One wheelchair per tour is allowed, if more than one in a group the group will need to be split – having read other reviews I think they offer a wheelchair and someone to push it but best to check beforehand.
The audio tour is available in English, French, German, Dutch, Spanish, Italian and Japanese.
Prices and Opening Times
Unfortunately I don’t remember what I paid with my discount but the standard prices are:
Child (5-15 Years) £6.95
Concession (Senior/Student) £7.95
Family (2 adults & 2 children) £27.75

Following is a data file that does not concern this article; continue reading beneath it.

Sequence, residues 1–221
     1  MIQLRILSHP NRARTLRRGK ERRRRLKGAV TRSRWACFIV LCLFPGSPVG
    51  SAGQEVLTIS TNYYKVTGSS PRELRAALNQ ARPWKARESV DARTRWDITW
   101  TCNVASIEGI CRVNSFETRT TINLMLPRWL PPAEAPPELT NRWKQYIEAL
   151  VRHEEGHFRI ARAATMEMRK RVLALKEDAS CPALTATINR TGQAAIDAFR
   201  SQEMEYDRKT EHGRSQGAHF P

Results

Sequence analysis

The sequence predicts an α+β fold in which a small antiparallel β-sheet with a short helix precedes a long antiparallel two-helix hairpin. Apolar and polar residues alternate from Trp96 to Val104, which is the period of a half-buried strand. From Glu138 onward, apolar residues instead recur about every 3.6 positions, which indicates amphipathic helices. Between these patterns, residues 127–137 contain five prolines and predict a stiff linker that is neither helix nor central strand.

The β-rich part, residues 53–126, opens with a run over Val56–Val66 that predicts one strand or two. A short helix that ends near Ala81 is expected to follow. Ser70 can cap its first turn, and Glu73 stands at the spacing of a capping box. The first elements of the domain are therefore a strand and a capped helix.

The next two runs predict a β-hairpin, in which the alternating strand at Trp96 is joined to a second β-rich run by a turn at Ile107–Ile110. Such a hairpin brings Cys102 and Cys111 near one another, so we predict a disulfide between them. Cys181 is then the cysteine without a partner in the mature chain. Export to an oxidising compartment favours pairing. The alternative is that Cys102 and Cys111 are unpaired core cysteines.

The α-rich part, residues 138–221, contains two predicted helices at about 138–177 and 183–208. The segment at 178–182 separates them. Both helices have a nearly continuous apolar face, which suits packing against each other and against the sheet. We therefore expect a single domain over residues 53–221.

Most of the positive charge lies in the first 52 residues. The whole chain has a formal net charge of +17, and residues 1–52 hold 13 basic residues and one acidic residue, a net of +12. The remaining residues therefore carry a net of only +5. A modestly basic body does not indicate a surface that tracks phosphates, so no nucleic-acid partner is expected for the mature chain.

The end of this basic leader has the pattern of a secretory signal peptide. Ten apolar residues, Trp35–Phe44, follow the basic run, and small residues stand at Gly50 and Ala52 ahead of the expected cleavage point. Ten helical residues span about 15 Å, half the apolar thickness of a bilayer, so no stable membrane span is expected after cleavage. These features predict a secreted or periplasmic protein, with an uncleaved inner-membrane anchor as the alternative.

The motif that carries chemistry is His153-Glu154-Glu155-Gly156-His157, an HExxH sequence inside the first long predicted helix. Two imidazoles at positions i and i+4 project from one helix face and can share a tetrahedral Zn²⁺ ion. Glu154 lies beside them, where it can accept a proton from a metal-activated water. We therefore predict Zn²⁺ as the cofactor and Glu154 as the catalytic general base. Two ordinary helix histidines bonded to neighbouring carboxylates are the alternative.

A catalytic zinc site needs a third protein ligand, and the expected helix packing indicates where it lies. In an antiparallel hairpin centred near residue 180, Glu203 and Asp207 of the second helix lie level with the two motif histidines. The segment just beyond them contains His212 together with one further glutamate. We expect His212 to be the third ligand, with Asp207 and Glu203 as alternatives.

They also offer joint tickets with the re-opened Westgate Towers.
Jan-Feb 10.00am – 4.30pm
Mar-June 10.00am – 5.00pm
July-Aug 9.30am – 5.00pm
Sept-Oct 10.00am – 5.00pm
Nov-Dec 10.00am – 4.30pm
Open daily except Christmas day, New Year’s day and Boxing day.
As with most attractions The Canterbury Tales has special events held at various times of the year, the current one is Halloween so every Friday and Saturday night in October they are holding ‘The Terrible Tales’ – the journey to Canterbury being plague ridden and suitable for 14+ years old with £8 per head only 😉
I thought it was nice touch that visitors are called pilgrims going on a pilgrimage through the 5 tales akin to the pilgrims in The Tales themselves where they journey from London to Canterbury Cathedral.